Available at: https://digitalcommons.calpoly.edu/theses/1055
Date of Award
MS in Civil and Environmental Engineering
Civil and Environmental Engineering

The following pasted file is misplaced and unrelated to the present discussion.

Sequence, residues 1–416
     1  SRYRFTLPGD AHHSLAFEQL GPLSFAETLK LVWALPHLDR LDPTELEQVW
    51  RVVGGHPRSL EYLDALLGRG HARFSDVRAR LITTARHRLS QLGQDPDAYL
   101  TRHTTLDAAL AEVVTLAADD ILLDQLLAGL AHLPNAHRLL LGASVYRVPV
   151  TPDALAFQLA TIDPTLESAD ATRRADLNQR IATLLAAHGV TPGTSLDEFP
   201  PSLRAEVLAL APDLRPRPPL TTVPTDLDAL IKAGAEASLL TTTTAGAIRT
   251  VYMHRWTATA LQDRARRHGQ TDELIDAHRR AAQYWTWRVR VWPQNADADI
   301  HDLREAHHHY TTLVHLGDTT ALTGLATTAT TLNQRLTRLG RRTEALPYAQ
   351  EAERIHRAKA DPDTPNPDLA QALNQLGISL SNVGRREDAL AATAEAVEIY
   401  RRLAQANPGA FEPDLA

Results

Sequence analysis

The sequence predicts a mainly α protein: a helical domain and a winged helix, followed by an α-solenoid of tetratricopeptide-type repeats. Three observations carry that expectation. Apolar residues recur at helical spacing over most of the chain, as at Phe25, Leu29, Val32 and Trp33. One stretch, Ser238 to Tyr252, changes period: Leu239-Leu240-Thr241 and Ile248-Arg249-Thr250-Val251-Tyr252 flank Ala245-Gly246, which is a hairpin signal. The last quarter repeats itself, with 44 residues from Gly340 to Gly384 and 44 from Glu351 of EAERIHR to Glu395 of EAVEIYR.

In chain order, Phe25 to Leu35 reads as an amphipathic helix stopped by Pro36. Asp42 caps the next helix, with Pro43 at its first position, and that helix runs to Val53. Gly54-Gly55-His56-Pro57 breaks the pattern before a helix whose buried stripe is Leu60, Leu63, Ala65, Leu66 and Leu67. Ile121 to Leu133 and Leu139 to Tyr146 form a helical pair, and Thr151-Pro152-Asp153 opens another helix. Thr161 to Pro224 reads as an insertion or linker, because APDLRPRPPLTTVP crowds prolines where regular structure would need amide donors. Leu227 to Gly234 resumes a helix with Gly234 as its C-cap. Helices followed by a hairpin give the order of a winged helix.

Although high rate algae ponds (HRAPs) are a proven wastewater treatment technology with numerous environmental, social, and economic benefits, their widespread use has been hindered by inconsistent and unreliable settling performance. Hence, the goal of this thesis is to investigate how specific operational parameters affect the settling performance of HRAPs. Nine HRAPs (30 m2 surface area, 0.3 m depth) were operated as three triplicate sets, with each set run on either a 2, 3, or 4 day HRT continuously from January 25, 2012 through April 11, 2013. Settling performance was determined (i) by measuring the TSS of Imhoff cone supernatant after 2 and 24 hours of settling and (ii) by measuring the TSS of tube settler effluent. Ponds operating on 2 - 3 day HRTs (loading rate was 24 - 36 g/m3-day csBOD5 and food to microorganism (F/M) ratio was 0.13 - 0.21 day-1) were able to settle consistently with residual TSS averaging less than 40 mg/L after 2 hours of settling time. Tube settlers showed potential as effective harvesting devices; ponds operating on a 2-day HRT averaged 27.9 ± 9.2 mg/L TSS in tube settler effluent at an overflow rate (OFR) of 9.4 L/min-m2. Microscopy analysis was performed and relationships were made between settling performance and algae dominance and floc structure.